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Bill requires all tail lights work

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So when was the last time you checked if all three of your brake lights were working?

If you don’t want to get pulled over, you’d better start.

State lawmakers are moving to require that all lights are working. That even includes the “Liddy light,” the one in the middle.

And the reason is to ensure that police can stop a motorist even if just one light is out.

What’s behind all that is a 2011 ruling by the state Court of Appeals throwing out a motorist’s drunken-driving conviction.

It turns out that the only reason a Tucson police officer pulled over the driver in the first place was a non-working middle brake light. It was only after the person was stopped that the officer realized he was impaired and made the arrest.

Appellate Judge Joseph Howard, writing for the court, said it is undisputed that the other two lights were functional.

“The officer observed no other traffic infractions, nor did the officer articulate any other reason for the stop,” the judge wrote.

Howard said police are entitled to “stop and detain” any person for an actual or suspected violation of the state’s motor-vehicle laws. But he said stopping a vehicle is a seizure under the Fourth Amendment to the U.S. Constitution.
“Such a seizure is constitutionally permissible only if the officer has a reasonable suspicion of criminal activity,” Howard wrote.

And he said a reading of the statutes shows there was no such activity.

Arizona law says any motor vehicle “shall be equipped with at least one tail lamp mounted on the rear.” And another provision says if a vehicle has a stop lamp “the lamp shall be maintained at all times in good working condition.”

Put simply, one is all that current law requires.

HB 2509 would say that if a vehicle has more than one stop lamp or tail lamp, each has to be working. And that includes the “Liddy light,” named after Elizabeth “Liddy” Dole who was secretary of the U.S. Department of Transportation when federal law was changed to require that third stop lamp.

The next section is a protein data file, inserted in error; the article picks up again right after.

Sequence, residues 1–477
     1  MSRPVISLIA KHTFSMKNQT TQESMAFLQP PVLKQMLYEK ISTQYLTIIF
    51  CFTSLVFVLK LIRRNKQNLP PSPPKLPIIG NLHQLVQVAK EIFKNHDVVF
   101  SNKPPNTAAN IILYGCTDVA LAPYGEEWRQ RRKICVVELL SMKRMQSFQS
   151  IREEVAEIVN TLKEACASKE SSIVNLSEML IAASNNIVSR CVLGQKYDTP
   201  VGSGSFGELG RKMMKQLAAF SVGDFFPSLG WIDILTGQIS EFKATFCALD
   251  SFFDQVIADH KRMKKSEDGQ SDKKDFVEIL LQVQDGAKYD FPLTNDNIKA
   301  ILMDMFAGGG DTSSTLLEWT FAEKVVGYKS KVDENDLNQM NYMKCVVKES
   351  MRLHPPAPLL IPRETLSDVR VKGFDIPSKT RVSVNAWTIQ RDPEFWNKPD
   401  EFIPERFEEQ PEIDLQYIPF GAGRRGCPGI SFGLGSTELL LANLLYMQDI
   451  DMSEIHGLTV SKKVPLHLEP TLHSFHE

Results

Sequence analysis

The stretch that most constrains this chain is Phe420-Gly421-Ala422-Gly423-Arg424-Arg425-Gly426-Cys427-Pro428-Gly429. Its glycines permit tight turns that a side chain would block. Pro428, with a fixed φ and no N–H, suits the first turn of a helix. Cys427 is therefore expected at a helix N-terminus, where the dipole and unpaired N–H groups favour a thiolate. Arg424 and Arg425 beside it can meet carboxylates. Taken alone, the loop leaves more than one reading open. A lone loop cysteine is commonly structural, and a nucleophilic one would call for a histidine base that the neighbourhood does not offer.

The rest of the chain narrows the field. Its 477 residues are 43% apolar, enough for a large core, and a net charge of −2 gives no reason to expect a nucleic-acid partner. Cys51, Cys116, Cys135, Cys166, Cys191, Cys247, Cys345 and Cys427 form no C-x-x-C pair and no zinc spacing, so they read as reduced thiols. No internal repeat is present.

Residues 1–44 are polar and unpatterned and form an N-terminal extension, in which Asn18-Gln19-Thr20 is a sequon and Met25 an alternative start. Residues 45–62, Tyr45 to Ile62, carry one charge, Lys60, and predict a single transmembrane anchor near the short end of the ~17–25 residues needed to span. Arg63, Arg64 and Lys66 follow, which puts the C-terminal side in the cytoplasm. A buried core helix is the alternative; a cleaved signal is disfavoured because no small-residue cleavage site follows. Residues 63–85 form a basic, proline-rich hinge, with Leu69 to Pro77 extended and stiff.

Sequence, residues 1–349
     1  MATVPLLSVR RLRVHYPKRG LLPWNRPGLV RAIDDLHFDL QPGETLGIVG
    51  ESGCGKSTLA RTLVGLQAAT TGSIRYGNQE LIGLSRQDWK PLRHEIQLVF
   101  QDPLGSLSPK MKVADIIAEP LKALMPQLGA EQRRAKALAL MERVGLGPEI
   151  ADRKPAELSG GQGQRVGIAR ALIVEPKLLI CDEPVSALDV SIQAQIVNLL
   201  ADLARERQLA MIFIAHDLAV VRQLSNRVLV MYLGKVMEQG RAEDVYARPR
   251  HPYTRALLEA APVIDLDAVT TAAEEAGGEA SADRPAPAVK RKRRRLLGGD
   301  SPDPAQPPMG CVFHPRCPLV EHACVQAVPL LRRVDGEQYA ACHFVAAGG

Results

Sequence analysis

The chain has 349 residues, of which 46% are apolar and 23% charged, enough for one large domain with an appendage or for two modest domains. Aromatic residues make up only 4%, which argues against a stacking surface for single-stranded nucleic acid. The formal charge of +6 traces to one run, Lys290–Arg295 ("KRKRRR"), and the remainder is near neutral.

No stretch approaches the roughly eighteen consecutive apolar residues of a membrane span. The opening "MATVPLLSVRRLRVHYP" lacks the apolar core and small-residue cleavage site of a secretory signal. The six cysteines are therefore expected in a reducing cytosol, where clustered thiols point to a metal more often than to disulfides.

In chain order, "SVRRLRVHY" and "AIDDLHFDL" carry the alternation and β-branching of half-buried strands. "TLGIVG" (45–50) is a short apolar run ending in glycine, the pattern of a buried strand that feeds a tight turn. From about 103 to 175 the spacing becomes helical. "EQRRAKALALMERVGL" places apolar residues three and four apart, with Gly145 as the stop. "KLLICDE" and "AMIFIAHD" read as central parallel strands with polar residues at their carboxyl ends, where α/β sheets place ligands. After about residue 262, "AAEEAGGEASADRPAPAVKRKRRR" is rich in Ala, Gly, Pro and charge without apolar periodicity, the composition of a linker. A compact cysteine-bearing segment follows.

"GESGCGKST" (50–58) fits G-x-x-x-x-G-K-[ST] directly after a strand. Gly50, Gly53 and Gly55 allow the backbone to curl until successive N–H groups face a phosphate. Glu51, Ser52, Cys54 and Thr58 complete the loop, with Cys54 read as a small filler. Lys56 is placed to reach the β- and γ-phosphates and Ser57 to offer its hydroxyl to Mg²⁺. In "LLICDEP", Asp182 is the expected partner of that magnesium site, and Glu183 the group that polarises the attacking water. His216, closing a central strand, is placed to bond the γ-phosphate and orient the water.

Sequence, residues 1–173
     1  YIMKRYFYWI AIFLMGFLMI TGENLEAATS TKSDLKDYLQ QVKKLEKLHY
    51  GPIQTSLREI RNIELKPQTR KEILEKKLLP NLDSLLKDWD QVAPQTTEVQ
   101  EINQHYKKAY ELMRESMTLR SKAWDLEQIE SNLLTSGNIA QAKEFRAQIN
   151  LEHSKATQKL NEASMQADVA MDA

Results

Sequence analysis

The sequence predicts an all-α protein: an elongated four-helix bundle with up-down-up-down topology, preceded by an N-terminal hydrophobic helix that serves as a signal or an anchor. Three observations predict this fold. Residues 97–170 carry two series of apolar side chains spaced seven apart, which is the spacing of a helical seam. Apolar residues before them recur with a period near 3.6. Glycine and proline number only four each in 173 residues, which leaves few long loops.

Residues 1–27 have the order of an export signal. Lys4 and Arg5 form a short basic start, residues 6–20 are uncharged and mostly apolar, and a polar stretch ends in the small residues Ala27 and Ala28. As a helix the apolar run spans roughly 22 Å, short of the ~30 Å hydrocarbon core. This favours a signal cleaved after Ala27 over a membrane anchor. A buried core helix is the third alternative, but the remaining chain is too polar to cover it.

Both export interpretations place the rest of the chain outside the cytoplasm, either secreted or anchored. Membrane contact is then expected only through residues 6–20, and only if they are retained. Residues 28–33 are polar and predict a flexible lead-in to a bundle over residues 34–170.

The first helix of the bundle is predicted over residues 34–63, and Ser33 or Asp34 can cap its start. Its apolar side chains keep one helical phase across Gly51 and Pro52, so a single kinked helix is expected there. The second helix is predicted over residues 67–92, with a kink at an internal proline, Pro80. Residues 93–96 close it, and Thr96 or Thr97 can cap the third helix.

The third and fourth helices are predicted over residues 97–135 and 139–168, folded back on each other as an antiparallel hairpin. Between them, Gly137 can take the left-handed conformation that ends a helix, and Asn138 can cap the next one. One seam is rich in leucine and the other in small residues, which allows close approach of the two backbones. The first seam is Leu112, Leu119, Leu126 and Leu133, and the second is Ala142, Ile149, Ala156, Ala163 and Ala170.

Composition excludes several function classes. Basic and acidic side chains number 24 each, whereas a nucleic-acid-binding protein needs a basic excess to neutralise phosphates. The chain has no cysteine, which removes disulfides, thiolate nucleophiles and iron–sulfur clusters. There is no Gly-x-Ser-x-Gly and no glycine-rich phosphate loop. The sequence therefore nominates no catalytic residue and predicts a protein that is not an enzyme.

Mike Williams, lobbyist for the Arizona Police Association, said the law is “archaic,” potentially dating back to horse-and-buggy days. But he conceded in testimony before a House panel that this was all about giving police the legally required probable cause to stop motorists in the first place.

Williams said that ruling was not a one-time thing. He said there’s a judge in Tucson who has been tossing drunk-driving cases when police tell him the only reason for the stop was a single busted tail light.

And he insisted that it’s not to provide an excuse to issue more citations.

Just to be sure, lawmakers amended the measure this past week when it came to the House floor to spell out that a ticket cannot be issued for a first violation. Instead, the measure awaiting final House approval says that officers may issue only verbal or written warning notices.

Williams said he’s OK with that.

“That’s primarily what police officers do anyway when we find it’s just a non-working piece of equipment,” he said.

Not everyone was convinced the change is a good thing.

Rep. Charlene Fernandez, D-Yuma, said the way HB 2509 is worded would let police stop a motorist if any light installed on a vehicle is not working. She said that could be as simple as the turn signal lights that some cars and trucks have on their side mirrors, in addition to the ones on the front and rear of the vehicles.

“I have one of those lamps on my car,” Williams told her. But he dismissed her concerns.

“Officers are not going to be pulling someone over because their lamp on the mirror didn’t work,” he said.

And Williams had one more argument to push the measure.

“Ted Bundy was caught because he did not have a working tail light,” he said, referring to the serial killer, kidnapper and rapist who murdered young women in a multi-state killing spree in the 1970s before being captured.

The language in HB 2509 should do the trick. Even Larry Gee, the defense attorney who had that drunken-driving conviction voided, said at the time that it would take only a simple fix to allow a broken tail light to be grounds to stop motorists.

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